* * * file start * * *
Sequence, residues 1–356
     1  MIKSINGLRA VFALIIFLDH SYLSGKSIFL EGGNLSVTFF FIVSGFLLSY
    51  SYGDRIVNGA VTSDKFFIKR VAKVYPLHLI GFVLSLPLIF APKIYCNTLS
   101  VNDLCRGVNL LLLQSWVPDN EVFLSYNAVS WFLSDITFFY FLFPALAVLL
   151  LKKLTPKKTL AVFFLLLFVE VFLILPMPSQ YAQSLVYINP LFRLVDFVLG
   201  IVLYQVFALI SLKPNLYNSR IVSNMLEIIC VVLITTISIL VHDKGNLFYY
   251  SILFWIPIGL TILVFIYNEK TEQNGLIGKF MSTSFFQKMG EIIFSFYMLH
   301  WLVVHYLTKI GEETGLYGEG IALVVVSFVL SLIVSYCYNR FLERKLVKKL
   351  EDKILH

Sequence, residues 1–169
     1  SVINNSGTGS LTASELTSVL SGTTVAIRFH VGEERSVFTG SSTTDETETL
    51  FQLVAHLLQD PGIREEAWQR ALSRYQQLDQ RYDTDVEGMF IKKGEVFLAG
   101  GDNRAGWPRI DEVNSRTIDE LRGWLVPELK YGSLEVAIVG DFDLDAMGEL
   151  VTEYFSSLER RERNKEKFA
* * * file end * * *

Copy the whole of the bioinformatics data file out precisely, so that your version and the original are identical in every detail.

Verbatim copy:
Sequence, residues 1–356
     1  MIKSINGLRA VFALIIFLDH SYLSGKSIFL EGGNLSVTFF FIVSGFLLSY
    51  SYGDRIVNGA VTSDKFFIKR VAKVYPLHLI GFVLSLPLIF APKIYCNTLS
   101  VNDLCRGVNL LLLQSWVPDN EVFLSYNAVS WFLSDITFFY FLFPALAVLL
   151  LKKLTPKKTL AVFFLLLFVE VFLILPMPSQ YAQSLVYINP LFRLVDFVLG
   201  IVLYQVFALI SLKPNLYNSR IVSNMLEIIC VVLITTISIL VHDKGNLFYY
   251  SILFWIPIGL TILVFIYNEK TEQNGLIGKF MSTSFFQKMG EIIFSFYMLH
   301  WLVVHYLTKI GEETGLYGEG IALVVVSFVL SLIVSYCYNR FLERKLVKKL
   351  EDKILH

Sequence, residues 1–169
     1  SVINNSGTGS LTASELTSVL SGTTVAIRFH VGEERSVFTG SSTTDETETL
    51  FQLVAHLLQD PGIREEAWQR ALSRYQQLDQ RYDTDVEGMF IKKGEVFLAG
   101  GDNRAGWPRI DEVNSRTIDE LRGWLVPELK YGSLEVAIVG DFDLDAMGEL
   151  VTEYFSSLER RERNKEKFA